A sold-out crowd descended upon the Osage Casino Event Center Tuesday night to say farewell to an old friend. Longtime country music star Glen Campbell brought his “Goodbye Tour” to town as he prepares to wrap up a career that has lasted over 50 years.
Campbell, who was diagnosed with Alzheimer’s disease early in 2011, performed masterfully in a set that lasted just over an hour. Helped with teleprompters to keep him on cue, there were a couple of small slip ups but Campbell, always a showman, laughed them off and kept rolling. By the time he hit the middle of his set, he was bending his guitar strings as well as he ever has.
Campbell was joined on stage by his three children who tried to keep Glen in line, as the four of them exchanged playful barbs throughout the evening, pulling laughs from the audience. Sons Cal and Shannon played the drums and guitar, respectively as daughter Ashley handled everything from keyboards to banjo.
Opening the show with “Gentle On My Mind,” Campbell came to the stage wearing a black shirt and black jeans with a blue jacket gleaming with rhinestones across the shoulders and down the sleeves. “I’m glad to be here,” he said to an audience that was already on their feet. Following with “Galveston,” and “By The Time I Get To Phoenix,” Campbell slipped out of his jacket for “Try A Little Kindness.”
“Where’s the Playground Suzy,” and “Didn’t We” followed before Campbell energized the crowd with “I Can’t Stop Loving You.” Pausing for a guitar change, Campbell stopped to talk about True Grit co-star John Wayne.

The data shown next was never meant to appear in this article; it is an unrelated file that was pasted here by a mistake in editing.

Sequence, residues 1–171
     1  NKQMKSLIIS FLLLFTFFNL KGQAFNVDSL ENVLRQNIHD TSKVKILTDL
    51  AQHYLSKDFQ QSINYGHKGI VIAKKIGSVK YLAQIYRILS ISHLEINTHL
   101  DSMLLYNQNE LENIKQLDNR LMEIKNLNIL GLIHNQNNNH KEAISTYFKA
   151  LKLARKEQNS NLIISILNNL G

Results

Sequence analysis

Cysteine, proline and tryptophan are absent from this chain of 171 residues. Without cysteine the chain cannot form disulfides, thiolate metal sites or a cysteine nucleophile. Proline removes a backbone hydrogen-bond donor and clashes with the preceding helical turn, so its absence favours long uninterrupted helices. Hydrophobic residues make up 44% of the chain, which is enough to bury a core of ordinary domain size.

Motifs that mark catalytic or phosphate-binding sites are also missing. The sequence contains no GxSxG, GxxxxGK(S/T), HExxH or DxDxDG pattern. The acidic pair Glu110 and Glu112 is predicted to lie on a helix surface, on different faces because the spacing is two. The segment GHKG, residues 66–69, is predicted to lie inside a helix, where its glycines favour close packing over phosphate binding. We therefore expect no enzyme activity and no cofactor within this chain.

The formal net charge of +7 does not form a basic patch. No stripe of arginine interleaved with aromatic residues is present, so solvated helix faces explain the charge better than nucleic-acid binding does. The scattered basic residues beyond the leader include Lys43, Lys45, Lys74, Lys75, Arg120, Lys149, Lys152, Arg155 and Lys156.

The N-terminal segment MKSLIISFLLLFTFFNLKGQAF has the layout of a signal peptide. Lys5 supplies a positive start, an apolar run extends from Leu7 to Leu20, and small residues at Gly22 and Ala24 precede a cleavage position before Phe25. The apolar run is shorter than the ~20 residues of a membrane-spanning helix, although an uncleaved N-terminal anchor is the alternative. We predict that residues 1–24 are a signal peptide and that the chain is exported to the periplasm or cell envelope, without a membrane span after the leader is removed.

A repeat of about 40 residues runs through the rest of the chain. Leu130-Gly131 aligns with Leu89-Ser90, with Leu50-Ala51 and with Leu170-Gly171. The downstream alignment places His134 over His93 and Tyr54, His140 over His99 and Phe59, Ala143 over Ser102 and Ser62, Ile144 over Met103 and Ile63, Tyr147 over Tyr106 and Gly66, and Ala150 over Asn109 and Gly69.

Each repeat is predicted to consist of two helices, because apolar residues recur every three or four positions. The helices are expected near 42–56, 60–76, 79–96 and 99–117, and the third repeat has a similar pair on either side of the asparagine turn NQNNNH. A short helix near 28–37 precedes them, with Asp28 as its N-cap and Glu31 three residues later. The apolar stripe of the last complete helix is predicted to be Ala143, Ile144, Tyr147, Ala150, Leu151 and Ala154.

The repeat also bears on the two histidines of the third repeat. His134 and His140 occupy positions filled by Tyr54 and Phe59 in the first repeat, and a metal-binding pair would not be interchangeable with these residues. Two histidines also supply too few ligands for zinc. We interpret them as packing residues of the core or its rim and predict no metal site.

“He never won one (Academy Award),” he said to Shannon, who quickly reminded him that the Duke, in fact, did win an Oscar for True Grit. Not missing a beat, Glen added, “that’s when moi came in,” drawing laughs and cheers from the crowd. “That’s the most nervous I’ve ever been, doing that (movie) with John Wayne,” said Campbell before singing his hit song that accompanied the film and shared the same title, “True Grit.”
Campbell then wowed the audience with a fantastic rendition of the Hank Williams classic, “Lovesick Blues,” before leaving the stage for a brief break. Ashley then took over the microphone and introduced brother Shannon who joined her for “Hey Little One.”
Returning to the stage, Campbell played “Any Trouble,” “It’s Your Amazing Grace,” and “The Moon is a Harsh Mistress.” “I’m hitting licks I haven’t thought of in 30-years,” Campbell joked after jamming through “Country Boy.”
Glen Campbell photo slideshow
Photos by: Kevin Pyle
Campbell then closed out the show with a string of hits that drew loud standing ovations from the sold-out crowd. “Wichita Lineman,” led it off, with “Rhinestone Cowboy,” and “Southern Nights,” following. He ended his performance with “A Better Place,” from his latest album released last August. “Some days I’m so confused lord, my past gets in my way. I need the ones I love lord, more and more each day,” he sang.
“Thank you very much, God bless you, I love you,” said Campbell before bowing with his band. Before making his way off the stage, Campbell was presented with an accommodation from Oklahoma Governor Mary Fallin. The presentation prompted Campbell to grab the microphone and start off into “Oklahoma,” and the crowd followed, clapping their hands and taking the song through then end as Campbell left the stage.